We know we featured Ask Jeeves last week but it does appear they are trying hard to be pro-active in changing the way we use the internet. Looking to take more ground in the search engine sector against Google, Bing and Yahoo, Ask Jeeves have launched a new public beta, which combines technology and human insight to provide more personalised responses.
That’s nothing massively ground-breaking though. This old hack fondly remembers gaining essential internet experience in the late 1990s working for the now defunct UKPlus search engine. In the days when content portals Yahoo, Lycos and Excite dominated the search options too, UKPlus a division of the Daily Mail group offered a family friendly search directory where every entry was reviewed and written by a journalist. As the internet expanded at a pace even our growing over-worked band of reviewers couldn’t cope with, so the project ended and the Googles of this world took over – robots and clever SEO driving the way we found sites relevant to our needs.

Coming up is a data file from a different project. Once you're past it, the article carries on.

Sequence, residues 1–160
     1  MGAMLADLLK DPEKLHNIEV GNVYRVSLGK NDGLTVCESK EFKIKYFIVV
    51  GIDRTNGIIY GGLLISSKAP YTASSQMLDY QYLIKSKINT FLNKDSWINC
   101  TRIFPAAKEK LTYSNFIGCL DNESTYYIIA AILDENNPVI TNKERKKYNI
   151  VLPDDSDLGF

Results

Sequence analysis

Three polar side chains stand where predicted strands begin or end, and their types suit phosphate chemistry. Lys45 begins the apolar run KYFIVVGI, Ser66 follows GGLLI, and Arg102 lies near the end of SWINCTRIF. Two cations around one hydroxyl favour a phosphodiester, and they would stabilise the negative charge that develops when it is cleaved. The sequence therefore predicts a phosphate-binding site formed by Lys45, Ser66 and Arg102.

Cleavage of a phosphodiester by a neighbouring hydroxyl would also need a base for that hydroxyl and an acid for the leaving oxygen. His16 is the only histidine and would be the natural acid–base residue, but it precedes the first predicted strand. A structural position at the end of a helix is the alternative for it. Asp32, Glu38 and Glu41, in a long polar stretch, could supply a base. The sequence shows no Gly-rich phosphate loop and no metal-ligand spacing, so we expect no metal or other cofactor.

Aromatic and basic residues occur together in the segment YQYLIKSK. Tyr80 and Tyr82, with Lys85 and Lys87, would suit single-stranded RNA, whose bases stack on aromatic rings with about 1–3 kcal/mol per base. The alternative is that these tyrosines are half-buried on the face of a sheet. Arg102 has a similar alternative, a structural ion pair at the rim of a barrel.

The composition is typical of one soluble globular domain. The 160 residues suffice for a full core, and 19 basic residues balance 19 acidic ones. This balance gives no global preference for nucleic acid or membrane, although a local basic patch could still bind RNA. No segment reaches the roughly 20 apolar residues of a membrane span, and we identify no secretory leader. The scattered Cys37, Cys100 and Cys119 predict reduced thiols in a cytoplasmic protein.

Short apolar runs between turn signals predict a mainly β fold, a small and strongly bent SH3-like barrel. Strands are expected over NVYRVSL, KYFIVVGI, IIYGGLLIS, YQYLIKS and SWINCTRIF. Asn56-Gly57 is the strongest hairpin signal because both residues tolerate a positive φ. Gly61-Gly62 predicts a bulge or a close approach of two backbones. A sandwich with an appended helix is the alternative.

Yet, this latest move by Ask appears to be a move back towards that personal touch while staying with the technology benefits. By picking ‘experts’ from their own user-base to offer these human insights Ask is effectively asking those who use it most to help improve its search tool. The Beta is by invite only but, if Ask.com can attract only a tiny percentage of their existing community drawn from 87 million monthly uniques, then there will be plenty of experts on offer. It may also attract new users over looking for something different from the modern computer driven responses. Perhaps best described as a more considered and moderated version of sites like Yahoo Answers mixed with the existing Ask offering. Ask are marketing it on the “capability to pose questions to real people…for those complex, subjective and/or time-sensitive queries that, no matter how advanced, computers simply can’t address.”.
It will be interesting to see how it works in practice.
Do you think human input can ever rival clever technology generated search results?